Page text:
The United States Department of Agriculture’s Natural Resources Conservation Service (NRCS) awarded the Friends of Northern Lake Champlain (FNLC) a Conservation Innovations Grant (CIG) to develop and monitor a phosphorous removal system at the end of a subsurface drain on a Franklin, VT farm. The $50,000 grant will be used to design, monitor and evaluate two treatment systems using two different phosphorous filtering media for the next two years. Phosphorous loads will be calculated before and after treatment.
NRCS developed a new interim practice called Phosphorus Removal System for subsurface drainage to treat water coming out of tile drains. New research conducted in the Midwest shows that between 60-96% of the water that falls on a tile-drained field discharges from the tiles and at present there is no treatment for that water.
“Subsurface drains, otherwise known as tile drains, are nothing new. Farmers have been installing tiles for centuries. We used to support this practice because it was effective in reducing soil wetness and increasing crop production. Most of the tiles drain into ditches or streams off the farm fields without any treatment… Although the water looks clean from tile drains, we now know that dissolved phosphorous is coming out of the end. This project will allow us to monitor the water from 2 tile drains before and after treatment, providing us with more information about the water quality from tiles and how to best remove phosphorus from that water.” ~ Kip Potter, Water Quality Specialist for VT NRCS.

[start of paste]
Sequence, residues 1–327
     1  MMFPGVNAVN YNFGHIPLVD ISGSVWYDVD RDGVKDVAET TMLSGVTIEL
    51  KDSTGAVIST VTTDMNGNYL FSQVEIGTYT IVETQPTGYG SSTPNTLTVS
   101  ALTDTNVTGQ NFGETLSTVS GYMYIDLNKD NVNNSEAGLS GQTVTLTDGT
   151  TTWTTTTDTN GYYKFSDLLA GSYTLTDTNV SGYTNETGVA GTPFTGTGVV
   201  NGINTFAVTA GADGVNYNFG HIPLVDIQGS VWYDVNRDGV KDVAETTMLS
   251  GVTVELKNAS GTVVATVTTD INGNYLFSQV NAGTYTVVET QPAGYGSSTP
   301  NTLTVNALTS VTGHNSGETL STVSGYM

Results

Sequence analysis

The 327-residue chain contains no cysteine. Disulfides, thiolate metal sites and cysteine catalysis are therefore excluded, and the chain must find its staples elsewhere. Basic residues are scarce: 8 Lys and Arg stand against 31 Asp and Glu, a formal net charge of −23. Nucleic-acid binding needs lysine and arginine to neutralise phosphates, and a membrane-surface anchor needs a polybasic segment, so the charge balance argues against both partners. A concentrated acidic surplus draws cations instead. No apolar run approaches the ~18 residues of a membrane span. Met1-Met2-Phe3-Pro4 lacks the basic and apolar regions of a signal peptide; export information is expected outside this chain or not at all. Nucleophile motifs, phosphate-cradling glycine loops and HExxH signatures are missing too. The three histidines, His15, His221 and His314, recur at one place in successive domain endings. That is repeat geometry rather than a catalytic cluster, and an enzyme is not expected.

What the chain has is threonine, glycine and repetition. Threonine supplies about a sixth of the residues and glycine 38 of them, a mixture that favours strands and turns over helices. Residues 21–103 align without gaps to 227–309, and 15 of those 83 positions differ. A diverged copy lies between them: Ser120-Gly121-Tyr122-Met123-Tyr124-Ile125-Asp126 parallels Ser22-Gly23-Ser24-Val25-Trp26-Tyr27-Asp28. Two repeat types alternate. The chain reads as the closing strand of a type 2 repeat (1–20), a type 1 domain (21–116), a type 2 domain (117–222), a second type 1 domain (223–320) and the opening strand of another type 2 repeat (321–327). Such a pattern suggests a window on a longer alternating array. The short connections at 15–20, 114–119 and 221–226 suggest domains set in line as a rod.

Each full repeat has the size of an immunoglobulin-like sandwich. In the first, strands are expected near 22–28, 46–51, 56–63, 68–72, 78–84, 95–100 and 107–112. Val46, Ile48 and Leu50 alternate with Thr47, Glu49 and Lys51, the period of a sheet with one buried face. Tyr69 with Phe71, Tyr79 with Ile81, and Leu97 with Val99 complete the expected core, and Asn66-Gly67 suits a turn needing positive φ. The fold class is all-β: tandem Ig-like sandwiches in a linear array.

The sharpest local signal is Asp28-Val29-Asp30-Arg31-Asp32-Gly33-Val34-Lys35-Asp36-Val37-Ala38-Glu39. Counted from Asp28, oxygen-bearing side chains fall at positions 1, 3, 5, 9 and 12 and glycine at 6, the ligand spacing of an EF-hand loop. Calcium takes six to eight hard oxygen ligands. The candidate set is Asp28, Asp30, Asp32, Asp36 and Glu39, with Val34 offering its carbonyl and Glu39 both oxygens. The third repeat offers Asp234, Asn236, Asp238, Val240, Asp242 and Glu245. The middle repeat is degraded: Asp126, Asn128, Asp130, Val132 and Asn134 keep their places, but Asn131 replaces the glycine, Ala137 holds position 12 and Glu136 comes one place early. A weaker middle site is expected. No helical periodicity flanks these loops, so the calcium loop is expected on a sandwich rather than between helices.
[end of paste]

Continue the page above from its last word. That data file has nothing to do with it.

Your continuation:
These will be the first of these systems in Vermont. Research in other parts of the country has focused on bioreactors for nitrogen removal on subsurface drainage, but no one has developed a system for phosphorous removal. According to Potter, “We have already started studying the effectiveness of different media at removing phosphorous with a group of students from UVM and some locally sourced materials are showing promising results. It is important that the material we used can be recycled into a crop management system, so there is incentive to install these systems. Flow data has already been collected and the project is underway”.
The systems will be installed in early spring of 2015.
- Alewives threaten Champlain salmon restoration
- Saving Wetlands for 30 Years
- Time to discuss water matters at Hinesburg Town Hall
- Lake Erie Toxic Algae Breaks Records in 2015
- Farmers: Lake pollution is not just us